Amid Greek debt crisis, Iceland still recovering from its own collapse
While Greece battles its debt crisis, Iceland – where major banks collapsed in the wake of the global financial meltdown – is gearing up for a referendum on whether its taxpayers will shoulder the burden of paying back billions of dollars of debt.
Looking on as Greeks took to the streets in recent days in protest at an economic crisis often blamed on powerful individuals and forces beyond the control of ordinary citizens, many Icelanders must have felt a sense of déjà-vu.Skip to next paragraph
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While the spotlight this week fell on Athens, where the rulers of debt-stricken Greece are braced for a public backlash against severe spending cuts and hundreds of finance and customs ministry workers took the streets on Wednesday to protest budget cuts, those behind Iceland’s own citizen uprising against their country’s banking and political elites insist that anger is still bubbling away here.
“We are not asking for people to be executed but we want them to face the consequences for what they did,” says Hordur Torfason, a folk singer and key instigator of the "saucepan revolution" – so called because of the kitchen implements participants took along to bang outside Iceland’s parliament.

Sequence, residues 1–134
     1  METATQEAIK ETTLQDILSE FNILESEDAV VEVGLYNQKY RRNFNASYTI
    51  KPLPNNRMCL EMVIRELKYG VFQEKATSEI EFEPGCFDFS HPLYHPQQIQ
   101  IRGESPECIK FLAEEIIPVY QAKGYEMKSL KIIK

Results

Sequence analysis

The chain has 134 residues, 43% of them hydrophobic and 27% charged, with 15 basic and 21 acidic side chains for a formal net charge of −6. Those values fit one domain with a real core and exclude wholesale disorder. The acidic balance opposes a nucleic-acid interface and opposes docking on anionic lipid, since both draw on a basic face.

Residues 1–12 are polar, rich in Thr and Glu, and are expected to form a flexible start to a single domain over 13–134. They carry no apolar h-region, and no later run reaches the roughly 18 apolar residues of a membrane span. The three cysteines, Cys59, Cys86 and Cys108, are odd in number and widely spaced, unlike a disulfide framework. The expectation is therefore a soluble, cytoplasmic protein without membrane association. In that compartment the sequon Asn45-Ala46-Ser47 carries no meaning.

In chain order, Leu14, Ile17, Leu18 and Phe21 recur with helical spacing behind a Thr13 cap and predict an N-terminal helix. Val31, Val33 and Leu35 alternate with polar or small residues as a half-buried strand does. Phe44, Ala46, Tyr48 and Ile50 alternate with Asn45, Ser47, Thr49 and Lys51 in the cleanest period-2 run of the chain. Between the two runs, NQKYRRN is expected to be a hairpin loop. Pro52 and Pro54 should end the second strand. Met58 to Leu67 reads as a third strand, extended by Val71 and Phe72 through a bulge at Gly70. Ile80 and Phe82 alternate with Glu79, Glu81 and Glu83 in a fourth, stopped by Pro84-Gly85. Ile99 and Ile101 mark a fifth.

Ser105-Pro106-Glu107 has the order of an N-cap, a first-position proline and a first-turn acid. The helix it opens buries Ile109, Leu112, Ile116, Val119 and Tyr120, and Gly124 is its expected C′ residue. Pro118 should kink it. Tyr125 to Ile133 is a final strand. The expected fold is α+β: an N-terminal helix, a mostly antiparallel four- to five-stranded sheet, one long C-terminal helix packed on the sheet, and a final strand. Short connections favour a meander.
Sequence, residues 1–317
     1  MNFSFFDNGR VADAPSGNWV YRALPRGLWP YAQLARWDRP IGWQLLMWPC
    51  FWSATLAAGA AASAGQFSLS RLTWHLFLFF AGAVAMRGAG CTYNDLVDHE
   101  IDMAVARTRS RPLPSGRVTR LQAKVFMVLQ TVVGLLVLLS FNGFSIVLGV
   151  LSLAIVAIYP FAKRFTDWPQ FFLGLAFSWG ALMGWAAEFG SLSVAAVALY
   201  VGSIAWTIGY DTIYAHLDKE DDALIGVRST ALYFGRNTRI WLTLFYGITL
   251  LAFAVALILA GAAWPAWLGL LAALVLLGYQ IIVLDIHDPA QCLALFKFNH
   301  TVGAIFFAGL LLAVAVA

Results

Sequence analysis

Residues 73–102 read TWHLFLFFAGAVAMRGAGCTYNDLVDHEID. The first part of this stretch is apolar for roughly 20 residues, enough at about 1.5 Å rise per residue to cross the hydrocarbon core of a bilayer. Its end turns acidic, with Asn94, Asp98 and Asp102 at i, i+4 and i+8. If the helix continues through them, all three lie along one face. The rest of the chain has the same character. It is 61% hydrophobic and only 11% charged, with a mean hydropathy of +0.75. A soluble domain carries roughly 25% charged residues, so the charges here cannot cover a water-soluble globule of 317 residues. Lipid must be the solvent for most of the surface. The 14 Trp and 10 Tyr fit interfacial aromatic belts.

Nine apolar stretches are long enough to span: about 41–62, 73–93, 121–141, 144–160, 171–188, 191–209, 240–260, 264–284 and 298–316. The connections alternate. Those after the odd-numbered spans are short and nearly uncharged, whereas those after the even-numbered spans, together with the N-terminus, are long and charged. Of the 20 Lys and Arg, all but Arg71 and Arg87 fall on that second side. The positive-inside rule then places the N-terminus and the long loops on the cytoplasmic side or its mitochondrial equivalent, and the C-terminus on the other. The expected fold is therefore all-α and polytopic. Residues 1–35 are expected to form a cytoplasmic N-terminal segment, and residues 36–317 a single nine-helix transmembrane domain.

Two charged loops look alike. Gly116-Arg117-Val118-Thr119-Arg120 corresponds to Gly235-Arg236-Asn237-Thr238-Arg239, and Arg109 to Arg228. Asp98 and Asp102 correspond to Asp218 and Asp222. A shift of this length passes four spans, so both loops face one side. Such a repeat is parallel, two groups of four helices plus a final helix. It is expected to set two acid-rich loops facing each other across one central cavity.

Sipping coffee in a bustling cafe yards from where he led the protests, Torfason indicates that the next spark for a resurgence in popular anger may be just weeks away.
In what could be a perfect political storm, an eagerly-awaited official report into Iceland’s "riches to rags" economic crisis will be published days before a referendum planned for March 6 on a hugely unpopular deal to pay billions of dollars to Britain and the Netherlands arising from the collapse of an Icelandic online bank.
The poll was initiated when Iceland’s president refused to endorse the "Icesave" package, named after the bank which had offered high-yielding accounts to British and Dutch customers who were subsequently reimbursed by their own governments. Icelandic foot-dragging on paying that money back has caused a vital $4.6 billion International Monetary Fund-led loan to be frozen.
Ahead of the vote, a battle for the nation’s hearts and minds has been underway with Iceland’s prime minister, Johanna Sigurdardottir, warning Iceland would effectively be opting out of the international financial system if it were to say no to the deal.